"MODERNIZING" THE BRITISH COURTS:
The Abolition Of The Plaintiff, And The Persistence Of "My Lord"

By GLENN CAMPBELL

Thursday, Nov. 01, 2001

I recently listened with some surprise to a news item on BBC's Radio 4 which revealed that a participant in the TV game show "Who wants to be a Millionaire?!" had brought proceedings against the producers of the programme, after a dispute as to whether he had won £1,000,000 by improper means. The contestant, the reporter explained, had issued a writ.

The American reader of this column, especially if he or she is a lawyer, may find nothing at all unusual in this. But to the more fashion conscious of the English Judiciary, reference to a writ would actually, unbelievable as it might sound, be improper.

The Woolf Reforms: Changing Procedural Terms, But Not Titles

In 1999, in the English Courts, a new code of civil procedure was introduced to replace the prevailing Rules of the Supreme Court, dating from 1965. The reforms were prompted by an investigation into the civil justice system conducted by Lord Woolf, now Lord Chief Justice of England, and then "Master of the Rolls" — one of the most senior Appeal Judges.

The Woolf Reforms were introduced to combat, it was alleged, two scourges of the civil justice system: cost and delay. At the same time, the reformers sought to "modernise" the system to make it more "accessible" to "ordinary people," a class which no one seems to have bothered to define and which is, perhaps, incapable of useful definition.

Led by Lord Woolf, the reformers attempted to tackle the shocking prevalence of antiquated terminology familiar to lawyers. There were those who wondered whether judicial titles — which include the common use of the expression "My Lord" when addressing Judges not otherwise entitled to that appellation — might also be reformed. Perhaps, in future, the trial lawyer could address the tribunal as "Mate" or "Buddy," or even "Mister", "Citizen" or "Comrade"? But this was not to be.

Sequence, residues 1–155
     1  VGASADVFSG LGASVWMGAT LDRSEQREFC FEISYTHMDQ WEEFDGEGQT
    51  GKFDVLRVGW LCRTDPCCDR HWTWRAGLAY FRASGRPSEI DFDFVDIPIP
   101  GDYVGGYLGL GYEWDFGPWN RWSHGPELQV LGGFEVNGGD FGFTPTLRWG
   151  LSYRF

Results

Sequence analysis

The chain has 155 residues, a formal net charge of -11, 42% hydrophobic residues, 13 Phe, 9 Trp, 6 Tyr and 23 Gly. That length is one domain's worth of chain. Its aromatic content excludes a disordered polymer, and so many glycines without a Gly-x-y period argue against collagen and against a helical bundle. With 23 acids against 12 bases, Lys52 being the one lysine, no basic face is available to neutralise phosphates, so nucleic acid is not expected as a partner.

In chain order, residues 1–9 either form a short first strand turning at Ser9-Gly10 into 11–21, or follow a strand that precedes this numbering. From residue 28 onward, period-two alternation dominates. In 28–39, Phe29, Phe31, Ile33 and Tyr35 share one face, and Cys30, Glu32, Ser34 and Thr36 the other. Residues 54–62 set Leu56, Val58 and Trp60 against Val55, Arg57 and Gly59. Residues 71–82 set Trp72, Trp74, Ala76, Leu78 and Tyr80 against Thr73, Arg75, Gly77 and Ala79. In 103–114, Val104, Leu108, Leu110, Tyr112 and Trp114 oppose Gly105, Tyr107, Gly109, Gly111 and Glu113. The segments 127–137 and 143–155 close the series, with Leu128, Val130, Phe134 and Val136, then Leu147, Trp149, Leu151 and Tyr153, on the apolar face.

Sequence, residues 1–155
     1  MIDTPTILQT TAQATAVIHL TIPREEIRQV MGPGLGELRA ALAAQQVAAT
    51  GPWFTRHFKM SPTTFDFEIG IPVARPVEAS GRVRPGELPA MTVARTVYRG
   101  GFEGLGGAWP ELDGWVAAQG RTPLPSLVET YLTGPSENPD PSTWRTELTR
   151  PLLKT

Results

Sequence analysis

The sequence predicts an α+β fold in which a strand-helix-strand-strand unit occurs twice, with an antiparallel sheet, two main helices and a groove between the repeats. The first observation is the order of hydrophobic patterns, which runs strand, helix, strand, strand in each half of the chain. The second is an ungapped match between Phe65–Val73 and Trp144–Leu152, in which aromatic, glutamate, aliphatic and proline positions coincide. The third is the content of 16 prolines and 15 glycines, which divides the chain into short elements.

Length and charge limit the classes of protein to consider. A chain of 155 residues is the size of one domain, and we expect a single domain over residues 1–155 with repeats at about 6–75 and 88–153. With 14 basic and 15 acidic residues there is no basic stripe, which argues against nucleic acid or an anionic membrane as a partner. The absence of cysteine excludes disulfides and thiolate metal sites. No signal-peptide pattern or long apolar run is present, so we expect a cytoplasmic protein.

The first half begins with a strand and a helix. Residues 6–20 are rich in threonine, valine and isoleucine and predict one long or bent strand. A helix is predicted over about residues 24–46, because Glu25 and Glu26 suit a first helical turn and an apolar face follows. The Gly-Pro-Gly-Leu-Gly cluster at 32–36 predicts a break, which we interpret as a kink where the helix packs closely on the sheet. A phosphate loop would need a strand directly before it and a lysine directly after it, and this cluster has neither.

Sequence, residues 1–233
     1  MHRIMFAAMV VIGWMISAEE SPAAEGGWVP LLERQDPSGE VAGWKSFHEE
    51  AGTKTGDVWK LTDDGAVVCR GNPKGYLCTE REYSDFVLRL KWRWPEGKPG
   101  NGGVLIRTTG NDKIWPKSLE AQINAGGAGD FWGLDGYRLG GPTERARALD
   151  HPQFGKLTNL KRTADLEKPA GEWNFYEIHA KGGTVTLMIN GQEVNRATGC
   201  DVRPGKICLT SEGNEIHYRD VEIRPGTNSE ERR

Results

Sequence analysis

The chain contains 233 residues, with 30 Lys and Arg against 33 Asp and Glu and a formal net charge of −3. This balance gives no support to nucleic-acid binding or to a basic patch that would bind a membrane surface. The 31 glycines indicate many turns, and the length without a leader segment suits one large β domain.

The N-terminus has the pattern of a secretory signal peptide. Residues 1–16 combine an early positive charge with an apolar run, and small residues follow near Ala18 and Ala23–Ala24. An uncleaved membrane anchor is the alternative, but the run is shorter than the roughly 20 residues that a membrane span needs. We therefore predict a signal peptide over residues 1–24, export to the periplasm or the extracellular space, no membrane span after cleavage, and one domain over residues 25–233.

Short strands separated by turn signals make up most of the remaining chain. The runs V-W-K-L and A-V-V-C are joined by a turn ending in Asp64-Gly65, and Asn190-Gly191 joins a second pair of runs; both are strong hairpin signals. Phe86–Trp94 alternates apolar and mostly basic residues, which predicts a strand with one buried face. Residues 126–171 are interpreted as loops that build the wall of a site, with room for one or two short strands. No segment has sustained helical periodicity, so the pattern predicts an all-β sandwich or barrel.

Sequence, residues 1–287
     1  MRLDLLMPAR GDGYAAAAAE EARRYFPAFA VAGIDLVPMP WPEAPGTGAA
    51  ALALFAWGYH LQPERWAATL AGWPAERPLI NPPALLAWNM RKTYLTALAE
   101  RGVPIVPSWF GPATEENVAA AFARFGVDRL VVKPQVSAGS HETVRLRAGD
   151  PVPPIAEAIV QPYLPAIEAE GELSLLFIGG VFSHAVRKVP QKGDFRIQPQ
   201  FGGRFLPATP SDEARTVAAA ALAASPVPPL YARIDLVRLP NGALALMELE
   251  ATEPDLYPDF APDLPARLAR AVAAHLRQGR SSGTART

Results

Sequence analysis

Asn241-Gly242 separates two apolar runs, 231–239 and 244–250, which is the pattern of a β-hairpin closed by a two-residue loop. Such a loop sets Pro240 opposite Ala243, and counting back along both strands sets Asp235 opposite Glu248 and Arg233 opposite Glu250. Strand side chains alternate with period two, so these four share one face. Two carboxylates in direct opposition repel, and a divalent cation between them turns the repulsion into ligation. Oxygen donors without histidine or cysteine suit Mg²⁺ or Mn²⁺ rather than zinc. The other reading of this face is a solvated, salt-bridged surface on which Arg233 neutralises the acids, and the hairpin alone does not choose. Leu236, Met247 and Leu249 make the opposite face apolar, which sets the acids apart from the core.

The Abolition of the Writ — and of the Plaintiff

The writ, I am sorry to tell the reader, was abolished. It is now the charmingly named "claim form." Third party proceedings, too, are dead and buried. Thanks to the reformers, we now have the evocative "Part 20 Proceedings." So much easier for the lay client to remember and comprehend.

The antiquated "Plaintiff" might still feature in the novels of Dickens, in the comic opera of Gilbert and Sullivan, and in the courts of the United States, but not in the Courts of England and Wales. Now, the party seeking relief is a Claimant.

Shortly after the new rules were introduced, a story, perhaps apocryphal, made the rounds among British trial lawyers. It involved an advocate opening a trial in the High Court with the time-honoured words "My Lord, I appear on behalf of the Plaintiff..." According to the story, the Judge trying the action — decked out in wig and red robes and aged around 70 — reacted with such venom at this inadvertent challenge to progress that there must have been a substantial risk of his false teeth ricocheting out of his mouth, flying across the court room, and embedding themselves in the wood panelling, as His Lordship expostulated "CLAIMANT, Mr. ...., CLAIMANT!!!"